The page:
x
Breaking News
More () »

New 'Destructive' severe thunderstorm warning will trigger WEA on mobile phones

Not all severe thunderstorms are the same, but damage can be life-threatening. The National Weather Service is rolling out a new way to convey the impact.
Credit: WZDX Weather

HUNTSVILLE, Ala. — Severe thunderstorms happen quite frequently in the Tennessee Valley, so you know not one severe thunderstorm is like the other. This can cause issues with conveying how much of an impact one storm will have on your property.  

Our WZDX/FOX54 meteorologists and the National Weather Services are always trying to come up with better ways to communicate the severity of a storm to you.  

Starting July 28, the National Weather Service will roll out a new way to describe a severe thunderstorm. You will still get a Severe Thunderstorm Warning, but within the warning there will be a breakdown of the damage threat.  This will help to distinguish between a high-impact and a low-impact event, according to the National Weather Service. 

The categories are:

                                                               

  • Baseline
  • Considerable
  • Destructive

                                                              

A destructive damage threat will automatically activate a Wireless Emergency Alert (WEA) on smartphones in the warned area.

What Do The Damage Threats Mean?

Credit: WZDX Weather

Baseline

This is unchanged from a normal severe thunderstorm warning. Quarter-size hail (1.00" in diameter) and/or 58 mph thunderstorm winds are associated with this level, which will not activate a WEA. When no damage threat tag is present, damage is expected to be at the base level.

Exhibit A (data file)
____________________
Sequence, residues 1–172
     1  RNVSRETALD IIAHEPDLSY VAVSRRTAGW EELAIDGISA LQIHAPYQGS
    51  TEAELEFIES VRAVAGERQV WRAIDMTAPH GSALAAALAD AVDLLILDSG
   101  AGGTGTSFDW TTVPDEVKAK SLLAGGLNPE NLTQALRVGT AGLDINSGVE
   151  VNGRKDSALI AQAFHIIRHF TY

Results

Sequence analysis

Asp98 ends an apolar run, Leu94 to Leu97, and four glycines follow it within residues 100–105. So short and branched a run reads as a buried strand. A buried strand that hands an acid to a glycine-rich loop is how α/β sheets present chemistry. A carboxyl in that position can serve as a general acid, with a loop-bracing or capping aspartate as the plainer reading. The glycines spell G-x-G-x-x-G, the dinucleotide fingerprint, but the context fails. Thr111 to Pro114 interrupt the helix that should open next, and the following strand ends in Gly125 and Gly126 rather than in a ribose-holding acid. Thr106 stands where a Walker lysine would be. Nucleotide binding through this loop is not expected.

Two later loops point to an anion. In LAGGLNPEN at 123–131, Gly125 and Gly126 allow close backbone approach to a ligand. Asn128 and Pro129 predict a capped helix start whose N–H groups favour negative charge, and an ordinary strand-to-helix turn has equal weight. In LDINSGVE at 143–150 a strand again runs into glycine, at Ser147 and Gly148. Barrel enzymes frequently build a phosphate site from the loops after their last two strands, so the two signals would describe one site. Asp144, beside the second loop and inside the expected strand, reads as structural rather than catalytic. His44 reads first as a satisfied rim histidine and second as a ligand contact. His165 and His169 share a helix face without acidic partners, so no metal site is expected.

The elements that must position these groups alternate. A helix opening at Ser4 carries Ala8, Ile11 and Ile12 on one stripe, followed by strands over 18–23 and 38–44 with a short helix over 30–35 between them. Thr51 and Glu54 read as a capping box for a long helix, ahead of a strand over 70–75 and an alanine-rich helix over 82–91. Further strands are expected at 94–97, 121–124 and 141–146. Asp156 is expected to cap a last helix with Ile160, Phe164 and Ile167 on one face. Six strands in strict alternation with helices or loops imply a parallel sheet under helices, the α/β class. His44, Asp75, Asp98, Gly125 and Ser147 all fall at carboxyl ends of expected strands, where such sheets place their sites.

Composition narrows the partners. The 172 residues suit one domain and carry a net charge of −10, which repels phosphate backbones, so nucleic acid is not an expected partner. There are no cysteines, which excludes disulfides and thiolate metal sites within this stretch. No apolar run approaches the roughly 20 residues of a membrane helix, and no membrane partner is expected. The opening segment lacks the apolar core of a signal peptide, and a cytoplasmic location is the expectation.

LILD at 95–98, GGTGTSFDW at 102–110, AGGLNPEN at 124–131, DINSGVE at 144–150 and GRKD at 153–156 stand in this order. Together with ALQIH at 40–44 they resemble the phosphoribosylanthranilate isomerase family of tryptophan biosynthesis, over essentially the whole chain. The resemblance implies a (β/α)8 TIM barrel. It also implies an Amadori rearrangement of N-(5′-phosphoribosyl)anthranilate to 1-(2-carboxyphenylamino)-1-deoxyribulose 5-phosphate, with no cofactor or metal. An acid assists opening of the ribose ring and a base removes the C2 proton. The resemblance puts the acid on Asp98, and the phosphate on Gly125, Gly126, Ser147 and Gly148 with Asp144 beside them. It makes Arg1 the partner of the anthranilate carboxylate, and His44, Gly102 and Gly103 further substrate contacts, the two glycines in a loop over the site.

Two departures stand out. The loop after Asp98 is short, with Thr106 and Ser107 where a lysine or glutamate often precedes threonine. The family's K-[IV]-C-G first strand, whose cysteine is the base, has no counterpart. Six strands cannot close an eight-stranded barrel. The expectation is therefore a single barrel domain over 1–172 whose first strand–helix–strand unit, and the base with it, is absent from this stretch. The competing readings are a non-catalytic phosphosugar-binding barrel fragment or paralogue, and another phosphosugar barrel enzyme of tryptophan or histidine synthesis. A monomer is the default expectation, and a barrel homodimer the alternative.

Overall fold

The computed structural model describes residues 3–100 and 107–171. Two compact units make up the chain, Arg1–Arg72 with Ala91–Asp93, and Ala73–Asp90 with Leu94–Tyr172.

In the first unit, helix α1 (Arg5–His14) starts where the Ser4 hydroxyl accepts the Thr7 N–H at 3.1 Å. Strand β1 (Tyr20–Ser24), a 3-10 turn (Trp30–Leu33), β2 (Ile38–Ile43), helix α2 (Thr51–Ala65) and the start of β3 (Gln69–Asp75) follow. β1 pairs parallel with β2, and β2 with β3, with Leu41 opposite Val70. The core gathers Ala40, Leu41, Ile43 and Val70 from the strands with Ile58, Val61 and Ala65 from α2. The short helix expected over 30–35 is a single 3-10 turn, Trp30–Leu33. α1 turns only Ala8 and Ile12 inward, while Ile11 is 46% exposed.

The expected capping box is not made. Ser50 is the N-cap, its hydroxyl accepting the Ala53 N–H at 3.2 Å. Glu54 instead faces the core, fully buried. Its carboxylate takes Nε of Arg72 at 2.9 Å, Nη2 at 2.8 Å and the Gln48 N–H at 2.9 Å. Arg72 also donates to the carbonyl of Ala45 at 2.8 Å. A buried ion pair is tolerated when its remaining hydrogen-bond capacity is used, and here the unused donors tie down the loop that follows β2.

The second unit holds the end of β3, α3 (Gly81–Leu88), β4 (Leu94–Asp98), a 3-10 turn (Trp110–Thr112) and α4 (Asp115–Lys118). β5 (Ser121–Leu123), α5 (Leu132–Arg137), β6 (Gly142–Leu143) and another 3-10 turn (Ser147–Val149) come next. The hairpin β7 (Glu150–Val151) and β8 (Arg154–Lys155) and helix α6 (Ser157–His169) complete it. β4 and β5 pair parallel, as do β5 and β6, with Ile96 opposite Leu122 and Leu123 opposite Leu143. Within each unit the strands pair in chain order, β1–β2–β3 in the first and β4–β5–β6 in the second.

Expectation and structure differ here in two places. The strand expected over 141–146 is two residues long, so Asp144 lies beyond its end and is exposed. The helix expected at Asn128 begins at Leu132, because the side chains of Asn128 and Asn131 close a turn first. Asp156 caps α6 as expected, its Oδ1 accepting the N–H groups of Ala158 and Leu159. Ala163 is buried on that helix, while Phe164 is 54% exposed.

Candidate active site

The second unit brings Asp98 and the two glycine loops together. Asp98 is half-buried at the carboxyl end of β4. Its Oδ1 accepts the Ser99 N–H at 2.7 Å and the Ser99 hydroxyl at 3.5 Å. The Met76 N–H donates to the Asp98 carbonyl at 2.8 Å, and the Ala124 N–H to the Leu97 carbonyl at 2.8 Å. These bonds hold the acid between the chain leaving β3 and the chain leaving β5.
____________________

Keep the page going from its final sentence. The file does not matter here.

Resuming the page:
Considerable

This criteria is at least golf ball-sized hail (1.75" in diameter) and/or 70 mph thunderstorm winds. This will also not activate a WEA.

Destructive

The criteria for this damage threat is baseball-sized hail (2.75" in diameter) and/or 80 mph thunderstorm winds. This is the only category that will activate the WEA on smartphones in the warned area. 

The National Weather Services says, on average, only 10% of all severe thunderstorms reach the destructive category level each year, nationwide.

When you would most likely see this damage threat level would be during a damaging wind event like derechos or more intense thunderstorms like "supercell" storms that can produce some very large hail.  

The reason for this change is to have a better way to convey to the public when there is an urgent need for action, according to the National Weather Service.

Make sure to know how to stay safe in a severe thunderstorm by knowing where do you go before, during and after a severe storm in your area.